COVID-19 AND THE CONSTRUCTION INDUSTRY

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COVID-19: Answering Construction Firms Most Pressing Employment Questions About the Pandemic

By now, everyone is aware of the significant impact the coronavirus pandemic (COVID-19) is having on all industries, including construction. Construction employers have a lot on their plate right now, including monitoring the health and safety of their loved ones and workforce, accommodating their employees’ needs during this difficult time, managing their business operations, closely monitoring the most recent news, and considering their next step.  

The impact of COVID-19 has already been felt at every level in construction, from interrupted supply chains to shutdown construction sites across the United States. Construction employers will have a lot of difficult decisions to make in the foreseeable future, many of which will be directly related to employment law. In this editorial, a Fort Lauderdale construction lawyer will cover a variety of important employment law questions related to COVID-19. We will answer questions related to: 

  • Employee absenteeism
  • Sick leave policies
  • Worker classification (hourly or salaried)
  • Telework
  • Traveling employees
  • Paid or unpaid leave
  • FLSA requirements 
  • Payroll requirements
  • Work culture issues

This article will address many of the most frequently asked questions our Fort Lauderdale construction attorneys are currently receiving from construction businesses. It’s important to note that the answer to many of these questions may vary depending on the provisions detailed in your employee handbook. To ensure your company policies align with current public health guidelines and federal and state laws, consult the Fort Lauderdale construction lawyers at Cotney Construction Law. To learn more about employment concerns related to COVID-19, we encourage you to visit the Department of Labor (DOL) and the Centers for Disease Control and Prevention’s (CDC) websites.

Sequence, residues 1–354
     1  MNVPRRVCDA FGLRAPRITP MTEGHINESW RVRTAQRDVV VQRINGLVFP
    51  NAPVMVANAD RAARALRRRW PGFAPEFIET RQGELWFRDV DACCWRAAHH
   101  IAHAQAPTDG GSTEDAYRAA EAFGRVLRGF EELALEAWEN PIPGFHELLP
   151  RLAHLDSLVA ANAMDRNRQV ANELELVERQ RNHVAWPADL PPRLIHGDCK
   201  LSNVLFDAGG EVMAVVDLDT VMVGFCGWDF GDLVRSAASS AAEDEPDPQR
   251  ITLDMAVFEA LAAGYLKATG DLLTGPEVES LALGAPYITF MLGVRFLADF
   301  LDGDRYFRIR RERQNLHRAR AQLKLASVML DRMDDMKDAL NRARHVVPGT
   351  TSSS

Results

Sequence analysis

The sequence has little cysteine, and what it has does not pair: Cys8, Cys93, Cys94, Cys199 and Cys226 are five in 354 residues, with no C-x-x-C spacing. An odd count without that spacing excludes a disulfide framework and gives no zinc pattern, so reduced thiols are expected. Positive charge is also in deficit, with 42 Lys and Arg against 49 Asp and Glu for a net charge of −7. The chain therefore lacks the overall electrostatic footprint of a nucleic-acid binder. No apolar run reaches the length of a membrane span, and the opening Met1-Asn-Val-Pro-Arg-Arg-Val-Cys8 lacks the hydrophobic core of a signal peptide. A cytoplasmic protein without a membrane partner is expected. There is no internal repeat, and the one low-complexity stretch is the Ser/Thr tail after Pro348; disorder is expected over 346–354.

Without further ado, let’s cover the most frequently asked questions a Fort Lauderdale construction attorney can answer related to your business during this pandemic:

1) Are there OSHA requirements I need to know about in regard to this pandemic?

Yes. Whether there is a pandemic or not, all construction businesses must fulfill the requirements outlined by the Occupational Safety and Health Administration (OSHA). The federal agency has recently updated their website with a variety of helpful resources related to workplace health and safety. Whether you’re interested in general employer guidance during this difficult time or specific safety standards related to your jobsite, we encourage you to visit OSHA’s website. Although there is no specific safety standard covering COVID-19, there’s several requirements related to preventing occupational exposure to COVID-19. To learn more about OSHA requirements, consult a West Palm construction lawyer.